Arlene Foster is a Northern Irish politician currently serving a Leader of the Democratic Unionist Party (DUP). She has been a Member of the Northern Ireland Assembly for Fermanagh and South Tyrone since 2003 and became First Minister of Northern Ireland in January 2016. The 42-year-old mother-of-three slammed those who obstruct Brexit on the basis that Scotland voted to remain, stressing the vote to leave the EU was a “British vote.” But why does this outspoken and career-driven politician feel so much guilt in her personal life?

Arlene Foster was born in Enniskillen and raised in the townland of Dernawilt, County Fermanagh, located between Lisnaskea and Roslea.

She is a member of the Church of Ireland and she was introduced to the Troubles early in her life when her father, a Royal Ulster Constabulary reservist, who was shot at their family farm – forcing the family to leave the Roslea area.

As a teenager, she was on a school bus that was bombed by the IRA, the vehicle being targeted because its driver was a soldier in the Ulster Defence Regiment.

Now Mrs Foster is married to husband Brian and the mother of three children: Sarah, George and Ben, and above all she wants her children to escape those dangers.

She told News Letter: “Obviously I do not want my children to grow up in such an environment.

“I vividly remember when PSNI constable Ronan Kerr was murdered trying to explain to my eldest boy why anyone would want to kill a police officer. It brought back memories of my own childhood.

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“I had hoped I would not have had to explain something like that to my kids.”

DUP Minister Arlene Foster has revealed the only way she can manage such a heavy workload, both at home and in Stormont, is by being organised and maintaining balance.

She told News Letter: “Before I was in politics I was a solicitor so I had to get out to work then anyway. I have always had childcare and help and I have always had to organise my life. All working mothers are the same.”

However, the mother-of-three did admit to feeling guilty, saying “it is hard being the child of someone who is in the public eye”.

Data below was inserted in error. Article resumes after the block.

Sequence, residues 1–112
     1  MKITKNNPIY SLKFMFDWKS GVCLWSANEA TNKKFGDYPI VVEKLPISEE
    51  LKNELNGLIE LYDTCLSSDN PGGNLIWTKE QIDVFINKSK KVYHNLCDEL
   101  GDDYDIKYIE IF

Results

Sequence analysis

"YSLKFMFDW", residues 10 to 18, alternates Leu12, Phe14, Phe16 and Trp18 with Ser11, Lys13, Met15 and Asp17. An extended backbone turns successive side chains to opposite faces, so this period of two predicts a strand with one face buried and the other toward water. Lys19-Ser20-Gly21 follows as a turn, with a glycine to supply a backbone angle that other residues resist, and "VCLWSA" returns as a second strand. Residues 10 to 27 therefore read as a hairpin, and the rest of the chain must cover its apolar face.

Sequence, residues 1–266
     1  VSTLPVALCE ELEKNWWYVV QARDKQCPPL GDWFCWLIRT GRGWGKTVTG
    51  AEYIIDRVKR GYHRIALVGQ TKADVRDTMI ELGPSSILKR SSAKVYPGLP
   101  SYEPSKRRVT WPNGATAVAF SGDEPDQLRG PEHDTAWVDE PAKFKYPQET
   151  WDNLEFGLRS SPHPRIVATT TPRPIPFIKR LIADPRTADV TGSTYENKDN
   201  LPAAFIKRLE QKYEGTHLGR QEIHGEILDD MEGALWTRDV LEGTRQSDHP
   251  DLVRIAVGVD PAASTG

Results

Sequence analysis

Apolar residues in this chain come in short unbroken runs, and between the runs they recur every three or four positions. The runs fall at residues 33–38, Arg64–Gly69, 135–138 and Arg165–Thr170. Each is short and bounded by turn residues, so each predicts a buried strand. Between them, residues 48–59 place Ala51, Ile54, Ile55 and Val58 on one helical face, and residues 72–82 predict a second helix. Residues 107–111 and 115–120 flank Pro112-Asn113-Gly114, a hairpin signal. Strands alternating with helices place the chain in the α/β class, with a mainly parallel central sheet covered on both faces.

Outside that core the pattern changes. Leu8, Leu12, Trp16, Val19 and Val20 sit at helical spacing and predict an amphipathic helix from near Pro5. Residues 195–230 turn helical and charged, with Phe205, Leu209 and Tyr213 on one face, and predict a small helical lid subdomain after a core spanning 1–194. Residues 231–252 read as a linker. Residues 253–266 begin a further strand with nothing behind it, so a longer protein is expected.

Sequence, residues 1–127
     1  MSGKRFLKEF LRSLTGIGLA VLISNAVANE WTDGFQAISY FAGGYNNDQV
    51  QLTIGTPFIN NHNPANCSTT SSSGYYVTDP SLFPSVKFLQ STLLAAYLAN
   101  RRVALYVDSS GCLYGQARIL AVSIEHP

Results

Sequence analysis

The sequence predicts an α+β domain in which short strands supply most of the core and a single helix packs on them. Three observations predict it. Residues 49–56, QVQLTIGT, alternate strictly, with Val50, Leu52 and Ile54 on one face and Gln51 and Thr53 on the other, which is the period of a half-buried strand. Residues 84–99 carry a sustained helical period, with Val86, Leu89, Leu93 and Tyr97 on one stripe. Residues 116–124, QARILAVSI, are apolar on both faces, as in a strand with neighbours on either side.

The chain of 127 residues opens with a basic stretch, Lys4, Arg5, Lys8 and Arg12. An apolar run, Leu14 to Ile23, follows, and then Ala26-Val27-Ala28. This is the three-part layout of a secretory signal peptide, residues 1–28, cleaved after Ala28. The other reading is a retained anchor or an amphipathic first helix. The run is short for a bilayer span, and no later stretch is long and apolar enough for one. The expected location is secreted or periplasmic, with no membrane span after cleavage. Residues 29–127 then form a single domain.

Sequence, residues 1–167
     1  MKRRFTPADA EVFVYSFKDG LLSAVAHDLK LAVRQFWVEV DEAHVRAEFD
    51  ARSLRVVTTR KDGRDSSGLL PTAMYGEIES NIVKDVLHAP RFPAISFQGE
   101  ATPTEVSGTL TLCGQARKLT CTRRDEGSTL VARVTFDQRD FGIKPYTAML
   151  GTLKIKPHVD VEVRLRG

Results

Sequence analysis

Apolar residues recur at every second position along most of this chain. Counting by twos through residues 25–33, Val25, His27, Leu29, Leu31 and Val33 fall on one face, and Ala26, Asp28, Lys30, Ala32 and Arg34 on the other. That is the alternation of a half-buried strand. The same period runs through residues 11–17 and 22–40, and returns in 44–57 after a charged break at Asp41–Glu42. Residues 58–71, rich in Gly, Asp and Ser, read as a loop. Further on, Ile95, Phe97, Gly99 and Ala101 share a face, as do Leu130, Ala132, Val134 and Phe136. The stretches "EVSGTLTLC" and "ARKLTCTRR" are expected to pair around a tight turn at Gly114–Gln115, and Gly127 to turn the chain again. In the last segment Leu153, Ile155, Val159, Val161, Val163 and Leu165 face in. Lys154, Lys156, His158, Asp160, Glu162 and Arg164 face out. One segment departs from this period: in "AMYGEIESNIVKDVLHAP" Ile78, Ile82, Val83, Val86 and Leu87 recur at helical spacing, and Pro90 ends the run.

She told News Letter: “I think it is in-built in mothers to feel guilty.

“No matter what job a mother is doing she will always feel guilty. I think that is true of whether you are a politician, a solicitor, working in a shop or anything else. Whatever you are you will feel guilty.

“Time is again about choices. If I am away early in the morning and I don’t see the children first thing, I try to see them before they go to bed in the evening.

“That is what I try to do.

“I suppose the most difficult part of the job is when I travel and whilst others might take longer away when they are travelling, taking a night either side, I never do because I want to get in, do the business and get home again.

“The maximum time I like to be away is four or five days.”

Today, Boris Johnson is due to hold a series of meeting with the leaders of the North’s five main parties at Stormont as those parties continue with their efforts to reinstate the power-sharing institutions.

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The Stormont engagement is occurring at a time when London and Dublin believe there is now an opportunity to make substantial progress – as long as the DUP and Sinn Féin are willing to take some political risks.

On Friday, Tánaiste Simon Coveney said at Stormont the parties were “very close to having the basis for agreement but ultimately the parties have to buy into that”.

Sources revealed there was particular pressure on the DUP to decide whether this was the time to reach a deal with Sinn Féin or whether it would be best to await the outcome of the new PM’s Brexit plan.



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